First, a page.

While we often see photographs mediated through screens, they are singular objects with specific material histories. Through Yale’s collections, this course explores these histories from the nineteenth century to the present and how they intersect with constructions of class, race, gender, and the non-human world; the ongoing processes of settler-colonialism; and both modern environmental conservation and ecological crisis.
HSHM 217 (17536)
Biomedical Futures and Michael Crichton’s Monsters
Joanna Radin
MW 11:35am-12:25pm
Areas HU, SO
What forms of life have been produced by modern science? The literal life-changing technologies that began to emerge after the Second World War also provoked new anxieties. They expressed themselves in the speculative fiction of Michael Crichton in terms of monsters: the virus in The Andromeda Strain, the androids in Westworld, the velociraptors of Jurassic Park, and even the patients maimed by gunshot wounds in ER. Crichton wrote thrilling stories that also asked his readers to consider what monsters humans could make if they didn’t stop to consider whether or not they should. This course examines the emergence of modern life science to consider what it would take to produce more life-sustaining futures.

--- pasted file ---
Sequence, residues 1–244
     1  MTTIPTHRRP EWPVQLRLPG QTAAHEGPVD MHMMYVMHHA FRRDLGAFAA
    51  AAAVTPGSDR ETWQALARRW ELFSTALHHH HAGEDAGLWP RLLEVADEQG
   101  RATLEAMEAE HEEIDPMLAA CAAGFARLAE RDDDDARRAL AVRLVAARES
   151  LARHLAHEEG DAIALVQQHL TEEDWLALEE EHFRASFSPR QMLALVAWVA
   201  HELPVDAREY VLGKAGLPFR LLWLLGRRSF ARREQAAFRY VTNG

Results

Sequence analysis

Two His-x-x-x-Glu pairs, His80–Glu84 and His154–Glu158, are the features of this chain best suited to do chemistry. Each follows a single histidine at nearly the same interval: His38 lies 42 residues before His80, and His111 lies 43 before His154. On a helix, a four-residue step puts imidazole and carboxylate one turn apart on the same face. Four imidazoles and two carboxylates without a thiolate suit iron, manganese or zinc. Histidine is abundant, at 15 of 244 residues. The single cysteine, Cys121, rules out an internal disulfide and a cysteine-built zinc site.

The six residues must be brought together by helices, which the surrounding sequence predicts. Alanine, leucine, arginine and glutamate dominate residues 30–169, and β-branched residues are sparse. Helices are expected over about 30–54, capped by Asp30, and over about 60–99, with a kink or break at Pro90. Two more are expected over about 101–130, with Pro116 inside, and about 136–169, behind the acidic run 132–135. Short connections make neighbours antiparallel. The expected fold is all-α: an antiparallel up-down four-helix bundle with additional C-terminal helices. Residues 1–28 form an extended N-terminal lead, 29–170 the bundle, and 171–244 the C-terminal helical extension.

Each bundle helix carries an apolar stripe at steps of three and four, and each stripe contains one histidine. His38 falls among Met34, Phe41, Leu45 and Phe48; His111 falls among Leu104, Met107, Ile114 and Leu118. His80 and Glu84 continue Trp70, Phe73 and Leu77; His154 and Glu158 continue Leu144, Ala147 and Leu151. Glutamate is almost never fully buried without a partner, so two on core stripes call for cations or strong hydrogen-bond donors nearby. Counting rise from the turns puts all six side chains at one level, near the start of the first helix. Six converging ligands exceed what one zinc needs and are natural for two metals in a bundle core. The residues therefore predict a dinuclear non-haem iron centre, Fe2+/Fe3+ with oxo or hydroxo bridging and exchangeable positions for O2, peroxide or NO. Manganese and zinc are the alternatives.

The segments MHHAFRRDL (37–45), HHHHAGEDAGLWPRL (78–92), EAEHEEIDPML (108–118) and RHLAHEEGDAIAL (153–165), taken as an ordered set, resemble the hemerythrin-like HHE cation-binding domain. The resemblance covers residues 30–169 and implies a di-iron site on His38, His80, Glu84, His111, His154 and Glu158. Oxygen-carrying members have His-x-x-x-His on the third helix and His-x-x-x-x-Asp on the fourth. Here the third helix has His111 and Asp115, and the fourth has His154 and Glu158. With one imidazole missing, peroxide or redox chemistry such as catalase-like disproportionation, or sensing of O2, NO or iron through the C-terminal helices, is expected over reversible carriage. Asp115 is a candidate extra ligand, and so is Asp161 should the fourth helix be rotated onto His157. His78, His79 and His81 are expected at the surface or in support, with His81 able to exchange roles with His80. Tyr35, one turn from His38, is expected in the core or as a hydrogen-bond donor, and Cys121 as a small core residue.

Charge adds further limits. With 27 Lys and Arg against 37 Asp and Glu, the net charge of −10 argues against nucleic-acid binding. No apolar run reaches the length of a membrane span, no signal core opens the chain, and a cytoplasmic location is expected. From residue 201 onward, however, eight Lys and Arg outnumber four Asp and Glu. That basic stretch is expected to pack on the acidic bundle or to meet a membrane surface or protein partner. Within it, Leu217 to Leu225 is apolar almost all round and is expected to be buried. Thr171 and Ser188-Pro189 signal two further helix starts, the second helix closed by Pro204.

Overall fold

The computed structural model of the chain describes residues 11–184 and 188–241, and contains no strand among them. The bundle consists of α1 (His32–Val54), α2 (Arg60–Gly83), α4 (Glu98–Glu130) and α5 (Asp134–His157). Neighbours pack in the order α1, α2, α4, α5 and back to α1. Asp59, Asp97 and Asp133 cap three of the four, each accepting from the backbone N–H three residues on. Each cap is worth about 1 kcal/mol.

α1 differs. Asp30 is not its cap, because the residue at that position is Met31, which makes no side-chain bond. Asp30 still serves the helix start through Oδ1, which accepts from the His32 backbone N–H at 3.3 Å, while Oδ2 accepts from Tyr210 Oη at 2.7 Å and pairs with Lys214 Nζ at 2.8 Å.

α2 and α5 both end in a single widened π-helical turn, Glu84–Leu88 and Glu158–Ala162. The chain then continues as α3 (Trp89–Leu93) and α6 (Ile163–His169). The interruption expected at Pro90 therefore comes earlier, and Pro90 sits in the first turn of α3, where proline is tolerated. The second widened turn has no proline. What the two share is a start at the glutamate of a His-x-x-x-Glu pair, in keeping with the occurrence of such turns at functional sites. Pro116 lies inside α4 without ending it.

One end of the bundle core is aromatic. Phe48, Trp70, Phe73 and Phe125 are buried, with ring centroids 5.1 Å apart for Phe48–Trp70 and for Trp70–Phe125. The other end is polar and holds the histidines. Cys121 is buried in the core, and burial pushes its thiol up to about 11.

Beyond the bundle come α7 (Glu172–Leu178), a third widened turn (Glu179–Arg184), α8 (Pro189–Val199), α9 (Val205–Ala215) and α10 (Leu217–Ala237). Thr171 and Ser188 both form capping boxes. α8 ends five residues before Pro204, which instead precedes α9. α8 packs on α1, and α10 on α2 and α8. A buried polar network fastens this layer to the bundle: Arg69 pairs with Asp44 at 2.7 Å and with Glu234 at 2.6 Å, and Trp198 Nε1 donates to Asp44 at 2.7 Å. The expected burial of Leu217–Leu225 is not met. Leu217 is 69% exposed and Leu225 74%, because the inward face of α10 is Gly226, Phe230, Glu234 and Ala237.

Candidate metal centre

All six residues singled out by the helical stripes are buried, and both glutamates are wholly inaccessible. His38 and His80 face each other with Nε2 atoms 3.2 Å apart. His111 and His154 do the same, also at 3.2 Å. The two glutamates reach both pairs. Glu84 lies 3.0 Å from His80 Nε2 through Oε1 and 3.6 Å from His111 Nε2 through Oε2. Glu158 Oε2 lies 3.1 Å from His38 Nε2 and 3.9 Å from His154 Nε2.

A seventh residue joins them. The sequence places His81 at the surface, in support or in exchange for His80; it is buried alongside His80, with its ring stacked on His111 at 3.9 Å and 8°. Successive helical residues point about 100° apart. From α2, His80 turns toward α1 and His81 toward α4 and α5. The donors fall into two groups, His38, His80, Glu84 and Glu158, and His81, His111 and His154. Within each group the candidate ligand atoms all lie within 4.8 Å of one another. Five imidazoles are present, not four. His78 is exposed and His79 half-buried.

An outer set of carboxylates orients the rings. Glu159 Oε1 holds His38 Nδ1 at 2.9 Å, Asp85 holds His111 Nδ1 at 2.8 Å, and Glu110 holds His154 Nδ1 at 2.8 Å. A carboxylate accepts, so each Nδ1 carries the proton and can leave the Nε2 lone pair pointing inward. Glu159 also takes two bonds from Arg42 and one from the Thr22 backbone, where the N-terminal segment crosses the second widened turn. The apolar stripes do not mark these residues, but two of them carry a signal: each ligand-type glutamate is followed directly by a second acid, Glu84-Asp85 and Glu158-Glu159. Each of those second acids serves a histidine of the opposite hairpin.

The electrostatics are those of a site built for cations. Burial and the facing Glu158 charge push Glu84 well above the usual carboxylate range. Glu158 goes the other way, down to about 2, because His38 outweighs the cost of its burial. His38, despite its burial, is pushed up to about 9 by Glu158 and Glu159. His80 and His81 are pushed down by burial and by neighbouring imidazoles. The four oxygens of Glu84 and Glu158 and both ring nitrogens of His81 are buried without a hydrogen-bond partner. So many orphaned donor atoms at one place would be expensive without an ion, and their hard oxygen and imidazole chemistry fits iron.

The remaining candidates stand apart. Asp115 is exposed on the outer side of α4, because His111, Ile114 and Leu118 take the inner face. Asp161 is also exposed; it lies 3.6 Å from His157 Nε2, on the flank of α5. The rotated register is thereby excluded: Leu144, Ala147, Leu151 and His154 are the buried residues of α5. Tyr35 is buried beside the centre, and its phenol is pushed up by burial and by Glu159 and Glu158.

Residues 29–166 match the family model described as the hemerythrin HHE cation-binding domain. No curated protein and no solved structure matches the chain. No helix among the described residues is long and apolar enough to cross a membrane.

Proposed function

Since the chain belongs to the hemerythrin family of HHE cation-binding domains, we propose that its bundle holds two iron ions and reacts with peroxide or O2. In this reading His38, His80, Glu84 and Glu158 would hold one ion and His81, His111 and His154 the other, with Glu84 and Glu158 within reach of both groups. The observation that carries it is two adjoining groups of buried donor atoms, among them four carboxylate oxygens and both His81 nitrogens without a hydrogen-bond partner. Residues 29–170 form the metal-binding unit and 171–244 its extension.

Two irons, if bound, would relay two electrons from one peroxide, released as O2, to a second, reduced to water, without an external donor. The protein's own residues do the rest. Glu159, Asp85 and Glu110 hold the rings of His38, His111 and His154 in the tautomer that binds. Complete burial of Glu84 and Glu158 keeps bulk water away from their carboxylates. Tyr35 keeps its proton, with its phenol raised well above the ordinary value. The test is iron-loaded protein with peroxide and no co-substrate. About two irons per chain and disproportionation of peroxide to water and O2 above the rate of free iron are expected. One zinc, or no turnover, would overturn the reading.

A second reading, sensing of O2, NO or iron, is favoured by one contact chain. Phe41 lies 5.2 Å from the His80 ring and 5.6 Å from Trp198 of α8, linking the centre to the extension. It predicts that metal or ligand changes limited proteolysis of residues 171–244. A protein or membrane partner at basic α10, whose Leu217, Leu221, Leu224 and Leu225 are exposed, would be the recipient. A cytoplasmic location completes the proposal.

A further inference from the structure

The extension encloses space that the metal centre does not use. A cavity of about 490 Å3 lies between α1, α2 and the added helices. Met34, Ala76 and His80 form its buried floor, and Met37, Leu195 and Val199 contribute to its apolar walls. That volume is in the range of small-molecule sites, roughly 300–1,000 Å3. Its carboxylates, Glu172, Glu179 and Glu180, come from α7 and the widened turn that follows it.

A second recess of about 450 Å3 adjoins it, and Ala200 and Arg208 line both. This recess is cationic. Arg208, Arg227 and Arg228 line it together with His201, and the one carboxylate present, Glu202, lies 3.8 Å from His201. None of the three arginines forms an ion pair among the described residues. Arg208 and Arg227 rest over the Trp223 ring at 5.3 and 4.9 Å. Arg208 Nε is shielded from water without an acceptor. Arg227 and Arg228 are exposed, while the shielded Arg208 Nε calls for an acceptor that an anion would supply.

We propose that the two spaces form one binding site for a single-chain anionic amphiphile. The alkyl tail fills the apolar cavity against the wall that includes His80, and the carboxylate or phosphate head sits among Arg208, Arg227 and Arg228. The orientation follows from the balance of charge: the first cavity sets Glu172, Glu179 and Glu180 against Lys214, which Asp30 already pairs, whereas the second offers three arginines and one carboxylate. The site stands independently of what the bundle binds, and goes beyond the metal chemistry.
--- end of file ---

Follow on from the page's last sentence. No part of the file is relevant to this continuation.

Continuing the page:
HSHM 413 (19538) / AFST 465 / ANTH 468 / URBAN 400 / URBN 442 / AFST 565 / ANTH 512
Infrastructures of Empire: Control and (In)security in the Global South
HSHM 422 (17539)
Cartography, Territory, and Identity
Bill Rankin
T 1:30-3:20pm
Areas HU, WR
Exploration of how maps shape assumptions about territory, land, sovereignty, and identity. The relationship between scientific cartography and conquest, the geography of statecraft, religious cartographies, encounters between Western and non-Western cultures, and reactions to cartographic objectivity. Students make their own maps. No previous experience in cartography or graphic design required.
HSHM 458 (17540)
Scientific Instruments & the History of Science
Paola Bertucci